Ms. Shelisa Martin-Clarke, Permanent Secretary in the Ministry of Health

CHARLESTOWN, Nevis –- “It’s World Mental Health Day and this year’s theme is, “Mental Health for All – Greater Investment – Greater Access.” World Mental Health Day 2020 calls for equality for everyone, everywhere, said Ms. Shelisa Martin-Clarke, Permanent Secretary in the Ministry of Health in the Nevis Island Administration (NIA), speaking on behalf of Hon. Hazel Brandy-Williams, Junior Minister of Health on Nevis.

“Mental health is defined as a state of well-being in which every individual realises his or her own potential, can cope with the normal stresses of life, can work productively, and is able to make a contribution to his or her community,” explained Ms. Martin-Clarke. “Mental illness, neurological and behavioural disorders are common to all countries and cause immense suffering. People with these disorders are often subjected to social isolation, poor quality of life and increased mortality.

“In fact, one in four people in the world will be affected by mental or neurological disorders at some point in their lives,” she said. “Data also shows that around 450,000,000 people currently suffer from such conditions, placing mental disorders among the leading cause of ill-health and disability worldwide.

“Moreover, the new realities of COVID-19 such as adapting to lifestyle changes, temporary unemployment, physical distancing, the wearing of masks, managing the fear of contracting the virus and worrying about persons close to us who are particularly vulnerable, are challenges for all of us. These new realities can be especially difficult for persons with mental health conditions. Even our frontline workers are at risk of work-related stress, which may lead to mental ill health and job burnout.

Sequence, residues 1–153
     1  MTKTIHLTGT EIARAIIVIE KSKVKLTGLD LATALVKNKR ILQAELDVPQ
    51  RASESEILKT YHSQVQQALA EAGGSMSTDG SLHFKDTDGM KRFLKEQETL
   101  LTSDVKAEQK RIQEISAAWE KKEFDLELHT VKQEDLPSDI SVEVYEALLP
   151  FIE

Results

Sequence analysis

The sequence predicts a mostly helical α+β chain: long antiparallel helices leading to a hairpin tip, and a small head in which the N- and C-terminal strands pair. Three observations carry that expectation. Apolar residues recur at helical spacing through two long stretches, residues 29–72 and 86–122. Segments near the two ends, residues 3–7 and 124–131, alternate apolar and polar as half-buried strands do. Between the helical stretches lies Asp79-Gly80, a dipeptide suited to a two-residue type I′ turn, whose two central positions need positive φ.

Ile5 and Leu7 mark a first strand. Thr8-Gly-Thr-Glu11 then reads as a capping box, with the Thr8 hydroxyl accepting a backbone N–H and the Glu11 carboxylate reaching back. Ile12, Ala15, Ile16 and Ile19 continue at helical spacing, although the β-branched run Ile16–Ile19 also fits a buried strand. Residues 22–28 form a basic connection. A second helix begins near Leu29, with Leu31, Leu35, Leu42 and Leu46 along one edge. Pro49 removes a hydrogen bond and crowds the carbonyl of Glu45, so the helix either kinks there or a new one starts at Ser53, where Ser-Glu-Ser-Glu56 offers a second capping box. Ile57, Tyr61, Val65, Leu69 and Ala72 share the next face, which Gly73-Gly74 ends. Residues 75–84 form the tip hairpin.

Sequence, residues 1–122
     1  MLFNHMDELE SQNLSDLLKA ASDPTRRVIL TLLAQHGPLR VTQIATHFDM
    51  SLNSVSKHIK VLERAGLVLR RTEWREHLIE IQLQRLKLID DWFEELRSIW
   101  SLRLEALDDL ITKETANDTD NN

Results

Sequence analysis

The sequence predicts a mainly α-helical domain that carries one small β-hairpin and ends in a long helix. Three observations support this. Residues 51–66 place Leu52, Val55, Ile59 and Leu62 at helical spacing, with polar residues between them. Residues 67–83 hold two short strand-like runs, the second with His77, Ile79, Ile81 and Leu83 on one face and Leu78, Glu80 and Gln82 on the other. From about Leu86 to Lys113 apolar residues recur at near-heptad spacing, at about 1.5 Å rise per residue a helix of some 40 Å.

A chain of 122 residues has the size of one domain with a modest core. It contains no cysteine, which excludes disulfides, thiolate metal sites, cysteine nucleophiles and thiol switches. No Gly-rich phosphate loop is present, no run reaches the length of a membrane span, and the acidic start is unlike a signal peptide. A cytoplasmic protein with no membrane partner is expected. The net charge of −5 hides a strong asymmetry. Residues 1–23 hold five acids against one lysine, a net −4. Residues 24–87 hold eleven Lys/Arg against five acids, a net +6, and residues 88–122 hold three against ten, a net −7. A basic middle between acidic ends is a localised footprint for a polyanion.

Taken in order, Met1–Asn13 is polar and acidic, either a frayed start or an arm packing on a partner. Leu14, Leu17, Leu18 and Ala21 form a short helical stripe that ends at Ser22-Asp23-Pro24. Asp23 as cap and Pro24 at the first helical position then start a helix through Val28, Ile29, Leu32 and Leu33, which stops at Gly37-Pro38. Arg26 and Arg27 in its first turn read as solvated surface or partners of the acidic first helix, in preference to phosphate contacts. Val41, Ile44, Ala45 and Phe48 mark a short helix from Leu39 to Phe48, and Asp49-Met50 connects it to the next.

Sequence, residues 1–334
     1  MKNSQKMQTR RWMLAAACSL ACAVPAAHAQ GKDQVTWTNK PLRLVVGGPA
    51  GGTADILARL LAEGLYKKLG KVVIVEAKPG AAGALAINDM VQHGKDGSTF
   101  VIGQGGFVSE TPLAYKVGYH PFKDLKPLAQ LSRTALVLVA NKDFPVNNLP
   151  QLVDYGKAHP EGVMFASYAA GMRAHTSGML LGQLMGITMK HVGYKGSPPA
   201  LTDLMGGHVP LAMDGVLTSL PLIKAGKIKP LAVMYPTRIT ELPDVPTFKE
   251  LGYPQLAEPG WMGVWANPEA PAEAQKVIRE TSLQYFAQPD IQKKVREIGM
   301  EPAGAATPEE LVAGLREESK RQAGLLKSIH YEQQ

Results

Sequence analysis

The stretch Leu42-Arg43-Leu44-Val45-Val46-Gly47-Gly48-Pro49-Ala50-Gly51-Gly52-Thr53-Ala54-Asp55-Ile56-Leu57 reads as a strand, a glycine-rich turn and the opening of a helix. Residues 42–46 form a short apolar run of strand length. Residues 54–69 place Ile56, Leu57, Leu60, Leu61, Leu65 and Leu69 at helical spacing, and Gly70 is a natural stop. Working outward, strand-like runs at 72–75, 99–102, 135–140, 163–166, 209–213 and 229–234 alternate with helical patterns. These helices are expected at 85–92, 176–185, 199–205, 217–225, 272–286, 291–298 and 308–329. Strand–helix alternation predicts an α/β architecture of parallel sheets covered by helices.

“The Nevis Island Administration is committed to “investing in the mental health of its people” and by improving access to mental health services for all ages,” said Ms. Martin-Clarke.

“Clients have access to the services of a psychiatrist, a psychiatric nurse and trained mental health counsellors. Medication is provided in the public health system at no cost to clients or their families. Through inter-ministry collaboration, that is the Mental Health Unit, Social Services and the Education system, we provide counselling and other mental health services to anyone in need.

“The administration is also mindful that caregivers experience high levels of stress caring for loved ones afflicted with mental illness that may have less time engaging in employment. In most cases, the NIA provides financial assistance or food vouchers through the Social Services department to assist these individuals and their families.

“While the administration commits to providing greater access and investments in mental health, we urge individuals to invest in their own mental health particularly as we manoeuvre through the ongoing COVID-19 Pandemic.

“We remind you therefore of these few tips:
• Get plenty of rest.
• Eat and maintain a healthy diet.
• Exercise regularly.
• Keep up with personal hygiene.
• Avoid alcohol, smoking and drugs.
• Make time for doing things you enjoy.
• Be sociable; talk to family and friends about your feelings and experiences.
• Practise relaxation techniques such as deep breathing, meditation, yoga and gentle stretching.
• Know that it is okay to draw boundaries and say “No.”
• Engage in spiritual practice.
• Don’t be afraid to ask for help. You are not alone.

Ms. Martin-Clarke concluded saying, “We commend the staff of the Community Mental Health Unit for their tireless work in providing and promoting effective mental health care and rehabilitative services and for reminding us all that “There is no health without mental health!”